The content of this article will benefit those of you who are starting to educate yourself about investing in the stock market and want to learn about Return on Equity using a real-life example.
Gilead Sciences Inc’s (NASDAQ:GILD) most recent return on equity was a substandard 10.3% relative to its industry performance of 18.1% over the past year. GILD’s results could indicate a relatively inefficient operation to its peers, and while this may be the case, it is important to understand what ROE is made up of and how it should be interpreted. Knowing these components could change your view on GILD’s performance. Metrics such as financial leverage can impact the level of ROE which in turn can affect the sustainability of GILD’s returns. Let me show you what I mean by this.
Breaking down ROE — the mother of all ratios
Firstly, Return on Equity, or ROE, is simply the percentage of last years’ earning against the book value of shareholders’ equity. For example, if the company invests $1 in the form of equity, it will generate $0.10 in earnings from this. Investors that are diversifying their portfolio based on industry may want to maximise their return in the Biotechnology sector by choosing the highest returning stock. But this can be misleading as each company has different costs of equity and also varying debt levels, which could artificially push up ROE whilst accumulating high interest expense.
Return on Equity = Net Profit ÷ Shareholders Equity
ROE is assessed against cost of equity, which is measured using the Capital Asset Pricing Model (CAPM) – but let’s not dive into the details of that today. For now, let’s just look at the cost of equity number for Gilead Sciences, which is 12.0%. This means Gilead Sciences’s returns actually do not cover its own cost of equity, with a discrepancy of -1.7%. This isn’t sustainable as it implies, very simply, that the company pays more for its capital than what it generates in return. ROE can be dissected into three distinct ratios: net profit margin, asset turnover, and financial leverage. This is called the Dupont Formula:
ROE = profit margin × asset turnover × financial leverage
ROE = (annual net profit ÷ sales) × (sales ÷ assets) × (assets ÷ shareholders’ equity)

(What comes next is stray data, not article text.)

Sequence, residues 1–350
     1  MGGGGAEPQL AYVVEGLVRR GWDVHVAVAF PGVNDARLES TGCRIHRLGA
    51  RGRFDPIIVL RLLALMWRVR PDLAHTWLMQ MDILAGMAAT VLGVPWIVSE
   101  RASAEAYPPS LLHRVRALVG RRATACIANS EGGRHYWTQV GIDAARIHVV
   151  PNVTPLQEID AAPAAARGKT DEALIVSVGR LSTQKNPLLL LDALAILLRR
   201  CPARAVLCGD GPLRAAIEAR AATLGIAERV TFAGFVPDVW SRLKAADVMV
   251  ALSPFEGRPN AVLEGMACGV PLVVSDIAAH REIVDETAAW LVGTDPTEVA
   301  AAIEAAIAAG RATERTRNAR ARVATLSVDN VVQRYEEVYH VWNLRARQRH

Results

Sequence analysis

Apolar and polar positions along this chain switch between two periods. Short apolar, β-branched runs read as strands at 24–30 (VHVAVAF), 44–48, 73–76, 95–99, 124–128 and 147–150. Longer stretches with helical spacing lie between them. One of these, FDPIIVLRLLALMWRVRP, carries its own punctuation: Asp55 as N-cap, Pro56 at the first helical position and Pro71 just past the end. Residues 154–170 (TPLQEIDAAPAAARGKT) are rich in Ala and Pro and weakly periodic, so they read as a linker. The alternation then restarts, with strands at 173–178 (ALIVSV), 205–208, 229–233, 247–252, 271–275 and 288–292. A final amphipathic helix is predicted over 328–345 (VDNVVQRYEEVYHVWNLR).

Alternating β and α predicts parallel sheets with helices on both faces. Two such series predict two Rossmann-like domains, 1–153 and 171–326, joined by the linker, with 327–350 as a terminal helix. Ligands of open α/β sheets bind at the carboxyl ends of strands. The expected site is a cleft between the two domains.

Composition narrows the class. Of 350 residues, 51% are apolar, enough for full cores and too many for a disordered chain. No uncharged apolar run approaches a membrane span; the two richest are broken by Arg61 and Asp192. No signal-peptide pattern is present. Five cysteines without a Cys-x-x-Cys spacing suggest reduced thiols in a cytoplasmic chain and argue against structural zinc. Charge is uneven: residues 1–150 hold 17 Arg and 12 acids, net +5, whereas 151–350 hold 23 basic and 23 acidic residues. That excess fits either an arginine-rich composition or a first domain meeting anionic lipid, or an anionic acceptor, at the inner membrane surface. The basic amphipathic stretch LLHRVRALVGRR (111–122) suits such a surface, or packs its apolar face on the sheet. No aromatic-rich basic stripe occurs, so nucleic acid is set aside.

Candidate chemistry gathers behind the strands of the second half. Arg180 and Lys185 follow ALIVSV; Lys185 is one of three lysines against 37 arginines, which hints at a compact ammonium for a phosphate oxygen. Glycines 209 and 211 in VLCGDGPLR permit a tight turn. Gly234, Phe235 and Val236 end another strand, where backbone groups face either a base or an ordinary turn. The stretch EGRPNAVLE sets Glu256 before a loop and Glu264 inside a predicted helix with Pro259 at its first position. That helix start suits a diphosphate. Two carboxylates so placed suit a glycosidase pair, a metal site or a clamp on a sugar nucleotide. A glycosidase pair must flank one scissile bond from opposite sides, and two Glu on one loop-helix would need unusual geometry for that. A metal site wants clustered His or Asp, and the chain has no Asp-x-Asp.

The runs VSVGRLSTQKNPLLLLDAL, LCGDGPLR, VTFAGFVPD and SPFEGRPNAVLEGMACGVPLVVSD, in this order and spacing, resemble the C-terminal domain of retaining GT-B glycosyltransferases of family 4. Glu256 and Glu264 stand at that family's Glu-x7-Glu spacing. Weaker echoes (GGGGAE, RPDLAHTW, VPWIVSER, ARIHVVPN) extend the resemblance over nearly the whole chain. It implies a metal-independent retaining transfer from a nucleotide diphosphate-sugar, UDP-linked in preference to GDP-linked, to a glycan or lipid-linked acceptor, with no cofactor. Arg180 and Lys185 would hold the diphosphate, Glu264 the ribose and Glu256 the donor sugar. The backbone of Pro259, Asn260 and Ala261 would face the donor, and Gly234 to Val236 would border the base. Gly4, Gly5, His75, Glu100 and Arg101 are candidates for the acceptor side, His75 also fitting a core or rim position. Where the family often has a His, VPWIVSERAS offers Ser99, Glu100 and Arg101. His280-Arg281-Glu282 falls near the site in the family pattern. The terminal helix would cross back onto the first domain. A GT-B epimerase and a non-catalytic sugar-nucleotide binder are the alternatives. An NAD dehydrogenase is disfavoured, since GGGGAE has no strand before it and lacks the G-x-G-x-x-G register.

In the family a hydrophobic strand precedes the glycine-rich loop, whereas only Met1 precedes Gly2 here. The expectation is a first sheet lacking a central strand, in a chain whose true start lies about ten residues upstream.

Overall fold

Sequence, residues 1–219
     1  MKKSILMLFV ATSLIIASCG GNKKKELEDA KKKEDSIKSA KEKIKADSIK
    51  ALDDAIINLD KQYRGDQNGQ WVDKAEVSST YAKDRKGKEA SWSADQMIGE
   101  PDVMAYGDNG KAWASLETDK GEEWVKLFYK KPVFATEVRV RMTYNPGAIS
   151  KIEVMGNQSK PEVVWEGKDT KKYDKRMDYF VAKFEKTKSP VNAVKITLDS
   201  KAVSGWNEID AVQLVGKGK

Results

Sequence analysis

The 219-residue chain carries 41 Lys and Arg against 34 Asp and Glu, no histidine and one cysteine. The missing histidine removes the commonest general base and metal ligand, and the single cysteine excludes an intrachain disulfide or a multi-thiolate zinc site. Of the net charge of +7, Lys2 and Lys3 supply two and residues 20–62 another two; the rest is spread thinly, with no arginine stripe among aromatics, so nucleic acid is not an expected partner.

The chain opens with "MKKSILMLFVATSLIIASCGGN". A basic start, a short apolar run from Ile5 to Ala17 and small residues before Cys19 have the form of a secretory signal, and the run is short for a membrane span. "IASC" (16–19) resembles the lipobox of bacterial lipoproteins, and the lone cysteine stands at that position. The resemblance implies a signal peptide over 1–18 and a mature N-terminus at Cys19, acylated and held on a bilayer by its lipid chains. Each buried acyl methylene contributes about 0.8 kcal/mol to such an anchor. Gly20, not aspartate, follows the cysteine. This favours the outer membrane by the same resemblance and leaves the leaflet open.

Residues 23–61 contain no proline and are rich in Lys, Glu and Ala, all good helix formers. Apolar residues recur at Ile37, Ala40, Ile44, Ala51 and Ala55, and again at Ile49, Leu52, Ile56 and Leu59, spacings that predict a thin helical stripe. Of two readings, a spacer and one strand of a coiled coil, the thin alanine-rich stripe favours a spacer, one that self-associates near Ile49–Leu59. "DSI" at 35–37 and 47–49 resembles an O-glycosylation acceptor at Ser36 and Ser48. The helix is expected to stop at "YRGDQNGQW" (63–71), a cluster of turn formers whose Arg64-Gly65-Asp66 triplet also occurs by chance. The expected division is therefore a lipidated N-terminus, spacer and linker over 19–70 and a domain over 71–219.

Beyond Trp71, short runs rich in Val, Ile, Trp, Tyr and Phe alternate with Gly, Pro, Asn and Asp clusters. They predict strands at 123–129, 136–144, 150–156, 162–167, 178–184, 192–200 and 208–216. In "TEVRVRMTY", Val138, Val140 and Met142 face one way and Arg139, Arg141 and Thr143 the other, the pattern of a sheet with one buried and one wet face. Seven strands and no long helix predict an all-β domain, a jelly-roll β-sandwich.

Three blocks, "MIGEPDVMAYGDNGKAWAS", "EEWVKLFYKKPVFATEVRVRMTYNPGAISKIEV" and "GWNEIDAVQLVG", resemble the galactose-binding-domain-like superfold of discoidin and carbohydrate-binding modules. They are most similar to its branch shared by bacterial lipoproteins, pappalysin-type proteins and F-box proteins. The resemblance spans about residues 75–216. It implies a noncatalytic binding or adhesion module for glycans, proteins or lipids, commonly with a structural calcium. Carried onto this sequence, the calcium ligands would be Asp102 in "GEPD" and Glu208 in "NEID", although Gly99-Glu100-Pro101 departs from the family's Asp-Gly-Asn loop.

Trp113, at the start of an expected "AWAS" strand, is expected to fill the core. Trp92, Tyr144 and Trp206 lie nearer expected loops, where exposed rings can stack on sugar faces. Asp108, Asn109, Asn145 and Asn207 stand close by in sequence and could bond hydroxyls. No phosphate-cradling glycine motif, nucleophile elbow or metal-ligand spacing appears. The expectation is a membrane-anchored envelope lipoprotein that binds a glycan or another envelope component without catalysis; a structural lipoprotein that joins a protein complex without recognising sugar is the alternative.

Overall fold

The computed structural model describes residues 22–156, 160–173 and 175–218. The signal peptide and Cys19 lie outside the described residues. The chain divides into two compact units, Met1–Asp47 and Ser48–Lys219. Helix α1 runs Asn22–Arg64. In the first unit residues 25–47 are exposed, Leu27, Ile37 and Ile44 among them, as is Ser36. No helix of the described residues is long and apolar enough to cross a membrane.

ROE = annual net profit ÷ shareholders’ equity
Essentially, profit margin shows how much money the company makes after paying for all its expenses. Asset turnover reveals how much revenue can be generated from Gilead Sciences’s asset base. Finally, financial leverage will be our main focus today. It shows how much of assets are funded by equity and can show how sustainable the company’s capital structure is. ROE can be inflated by disproportionately high levels of debt. This is also unsustainable due to the high interest cost that the company will also incur. Thus, we should look at Gilead Sciences’s debt-to-equity ratio to examine sustainability of its returns. Currently the ratio stands at 134%, which is relatively balanced. This means Gilead Sciences has not taken on excessive leverage, and its current ROE is driven by its ability to grow its profit without a significant debt burden.
ROE is one of many ratios which meaningfully dissects financial statements, which illustrates the quality of a company. Gilead Sciences’s ROE is underwhelming relative to the industry average, and its returns were also not strong enough to cover its own cost of equity. However, ROE is not likely to be inflated by excessive debt funding, giving shareholders more conviction in the sustainability of returns, which has headroom to increase further. ROE is a helpful signal, but it is definitely not sufficient on its own to make an investment decision.
For Gilead Sciences, there are three relevant factors you should further examine:
- Financial Health: Does it have a healthy balance sheet? Take a look at our free balance sheet analysis with six simple checks on key factors like leverage and risk.
- Valuation: What is Gilead Sciences worth today? Is the stock undervalued, even when its growth outlook is factored into its intrinsic value? The intrinsic value infographic in our free research report helps visualize whether Gilead Sciences is currently mispriced by the market.
- Other High-Growth Alternatives : Are there other high-growth stocks you could be holding instead of Gilead Sciences? Explore our interactive list of stocks with large growth potential to get an idea of what else is out there you may be missing!
To help readers see past the short term volatility of the financial market, we aim to bring you a long-term focused research analysis purely driven by fundamental data. Note that our analysis does not factor in the latest price-sensitive company announcements.
The author is an independent contributor and at the time of publication had no position in the stocks mentioned. For errors that warrant correction please contact the editor at email@example.com.